The Power of Starting the Right Business, For the Right Reasons
Written by Phil Sampson
Why does anyone want to start a business? Is it for financial gain? Is it a lifestyle choice? Or is it just because someone has a talent, or idea, that they consider valuable to others? We ask leadership expert Phil Sampson for his thoughts.
It’s not often that an entrepreneur takes the proper amount of time to explore the reason for starting a business. They often do not take their choice and reasons seriously enough and that is why so many start-ups fail. I often say people plan their holiday more seriously than their businesses in terms of understanding where they are going; who is coming with them, what they need for a successful holiday and what risks they have to prepare for. Hence 50% of start-ups, don’t make it through the first four years and this lack of planning is often why. It’s exciting and scary to set up a new venture and often new business owners lose perspective in their excitement and enthusiasm. Answering some simple questions, which are set out below, allows those thinking about starting a business, to start the right business for the right reasons.
So, there are several important questions that need to be asked, by the founder or founders of a business, before starting a new venture. Answering these questions would help any new business in succeeding as a start-up.
Why am I doing this? The real reason for setting up a business needs to be unearthed and this can be done using the ‘5 why process’; a simple process that is used in Health and Safety incident investigation. It simply involves asking the question why five times after an initial answer. So, someone might say “Money” as their initial answer. Why? – “For my family” Why? – “For security” Why? – “So, they can live comfortably and grow up safely” Why? “So, they can be happy” The true reason is to make and keep my family happy!
What do I want my business to be? This question is vital, as it connects the business to the founder. This is important in understanding the motivation that is driving the setting up of a new business. It is also part of defining the organisation’s vision; a primary driver in new business, as it enables those other people involved to understand and contribute to reaching that destination.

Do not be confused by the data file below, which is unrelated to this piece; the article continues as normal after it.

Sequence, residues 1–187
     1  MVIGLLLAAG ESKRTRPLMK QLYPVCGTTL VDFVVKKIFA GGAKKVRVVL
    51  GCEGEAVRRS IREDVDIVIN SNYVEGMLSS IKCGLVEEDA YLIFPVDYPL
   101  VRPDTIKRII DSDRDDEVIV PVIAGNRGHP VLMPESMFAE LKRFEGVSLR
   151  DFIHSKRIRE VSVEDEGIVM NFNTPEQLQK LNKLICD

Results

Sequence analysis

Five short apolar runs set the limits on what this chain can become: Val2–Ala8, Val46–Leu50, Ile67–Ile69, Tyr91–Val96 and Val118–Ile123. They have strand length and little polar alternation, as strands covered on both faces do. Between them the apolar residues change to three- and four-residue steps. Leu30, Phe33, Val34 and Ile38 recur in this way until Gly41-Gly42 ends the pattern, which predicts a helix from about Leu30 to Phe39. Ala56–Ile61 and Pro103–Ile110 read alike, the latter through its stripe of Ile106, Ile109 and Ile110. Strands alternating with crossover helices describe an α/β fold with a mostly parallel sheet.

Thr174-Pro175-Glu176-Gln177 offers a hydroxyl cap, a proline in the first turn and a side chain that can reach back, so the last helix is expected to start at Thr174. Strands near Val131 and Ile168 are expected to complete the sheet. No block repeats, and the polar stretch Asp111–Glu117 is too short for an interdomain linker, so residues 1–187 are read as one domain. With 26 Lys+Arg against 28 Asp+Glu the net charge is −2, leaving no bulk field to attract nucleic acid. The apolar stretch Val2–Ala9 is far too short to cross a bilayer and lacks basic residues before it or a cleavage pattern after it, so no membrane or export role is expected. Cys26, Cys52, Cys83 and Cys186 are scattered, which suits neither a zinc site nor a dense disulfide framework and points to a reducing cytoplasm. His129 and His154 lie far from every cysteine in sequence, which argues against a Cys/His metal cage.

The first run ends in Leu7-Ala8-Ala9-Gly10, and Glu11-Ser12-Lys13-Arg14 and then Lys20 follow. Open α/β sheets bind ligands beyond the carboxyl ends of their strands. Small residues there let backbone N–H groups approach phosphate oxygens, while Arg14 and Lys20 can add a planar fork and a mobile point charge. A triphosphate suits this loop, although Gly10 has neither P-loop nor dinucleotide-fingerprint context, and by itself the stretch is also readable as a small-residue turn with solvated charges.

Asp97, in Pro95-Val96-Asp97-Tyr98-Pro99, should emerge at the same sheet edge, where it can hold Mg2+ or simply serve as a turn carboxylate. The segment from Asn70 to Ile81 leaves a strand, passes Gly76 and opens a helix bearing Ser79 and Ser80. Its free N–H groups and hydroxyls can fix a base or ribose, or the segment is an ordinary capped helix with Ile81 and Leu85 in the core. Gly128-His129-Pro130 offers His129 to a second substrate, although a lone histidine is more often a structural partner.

What should my business be? This is probably the most important and least well done in setting up a new business. A careful survey of failed start-ups, determined that 42% of them identified the “lack of a market need for their product” as the single biggest reason for their failure. All too often business instigators, of start-ups, view everything from their own perspective. This question puts the founder in mind of their environment and what their customers’ needs and wants are. We can all think of a good idea but how relevant and saleable is it? Many start-ups fail because they neglect to consider their market thoroughly enough. Who is their typical customer and why should they buy from them? A Unique Selling Point is needed to differentiate a new business from its competitors.
How passionate am I about my business? New businesses create roller coaster rides for their instigators. From hero to zero can happen very quickly and a founder needs to have the stamina, mental toughness and self-belief to survive both rapid growth and initial disappointments and this derives from the founder’s passion for the business. A founder without passion will fail when the times get tough. And they surely will in the early days of any new business.
What will success look like? Identifying both success and failure are important to maintain perspective. Both are temporary and far closer to each other than most people think. Understanding both and defining what they look like, allows a founder to dream but also to be real. Once defined this vision needs to be shared so others can contribute to the journey.
Who do I need on my team? What skills are missing from the team and how am I going to get access to them? We all have strengths and weaknesses and it is important that weaknesses are covered if an idea is to become a genuine business. We also all have things we don’t like doing, which other people do like doing. Doing things we dislike, is likely to be inefficient and unnecessarily painful. If we are to take our business seriously, it is important that things are kept up with and not left to fester out of individual preference for more exciting work.
Once all these questions have been answered, a business plan can be drawn up to act as a guide and handrail for the new business. The plan can be derived, in part, from the questions above, but it is here that the coherency of a business can unravel; it is far better to fail on paper, than it is to fail for real. Such a plan may enable a new business to access finance. However, two key things that need to be carefully managed are growth and cash flow. A start up can grow too quickly and then not deliver to their customers because their internal growth has not matched their demand growth. The old adage that turnover is vanity, profit sanity, but cash is king, is absolutely true. Financial planning, cash flow forecasting and budgeting keep a business in business and should never be neglected.
If a start-up lasts they’re lucky, yes. But “luck comes to those who are ready for it” and a successful start-up will have done something that 90% of new businesses haven’t. They will have a product that meets a need, they won’t ignore anything, they grow fast in a planned way, and they will quickly recover from the hard-knocks of start-up life. They will have survived through starting the right business for the right reasons.
Phil Sampson is the co-founder of Sampson Hall; Exeter based experts in leadership, and delivering bespoke solutions training to improve organisational performance & increase business success.
Follow Phil @SampsonHall